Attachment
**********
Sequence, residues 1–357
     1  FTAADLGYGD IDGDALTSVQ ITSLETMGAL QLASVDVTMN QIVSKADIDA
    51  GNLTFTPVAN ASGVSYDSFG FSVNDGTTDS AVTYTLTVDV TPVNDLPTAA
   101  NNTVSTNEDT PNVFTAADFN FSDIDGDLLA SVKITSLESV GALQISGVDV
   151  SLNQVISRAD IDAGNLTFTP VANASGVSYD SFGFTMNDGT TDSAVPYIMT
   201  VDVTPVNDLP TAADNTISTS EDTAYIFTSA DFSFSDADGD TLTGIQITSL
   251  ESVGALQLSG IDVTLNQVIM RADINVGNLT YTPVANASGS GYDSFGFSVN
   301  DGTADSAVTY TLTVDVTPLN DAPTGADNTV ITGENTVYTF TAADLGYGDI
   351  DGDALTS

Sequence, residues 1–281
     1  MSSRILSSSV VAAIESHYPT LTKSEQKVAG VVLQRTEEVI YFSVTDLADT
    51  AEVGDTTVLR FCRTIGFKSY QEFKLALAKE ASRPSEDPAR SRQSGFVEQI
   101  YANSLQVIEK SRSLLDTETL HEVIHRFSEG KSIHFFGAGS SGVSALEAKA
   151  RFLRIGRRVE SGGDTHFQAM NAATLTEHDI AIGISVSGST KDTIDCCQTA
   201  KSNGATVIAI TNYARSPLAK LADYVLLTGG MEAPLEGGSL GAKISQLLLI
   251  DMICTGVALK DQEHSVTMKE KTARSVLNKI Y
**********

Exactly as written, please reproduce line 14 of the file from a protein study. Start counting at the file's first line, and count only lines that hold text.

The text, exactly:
   151  RFLRIGRRVE SGGDTHFQAM NAATLTEHDI AIGISVSGST KDTIDCCQTA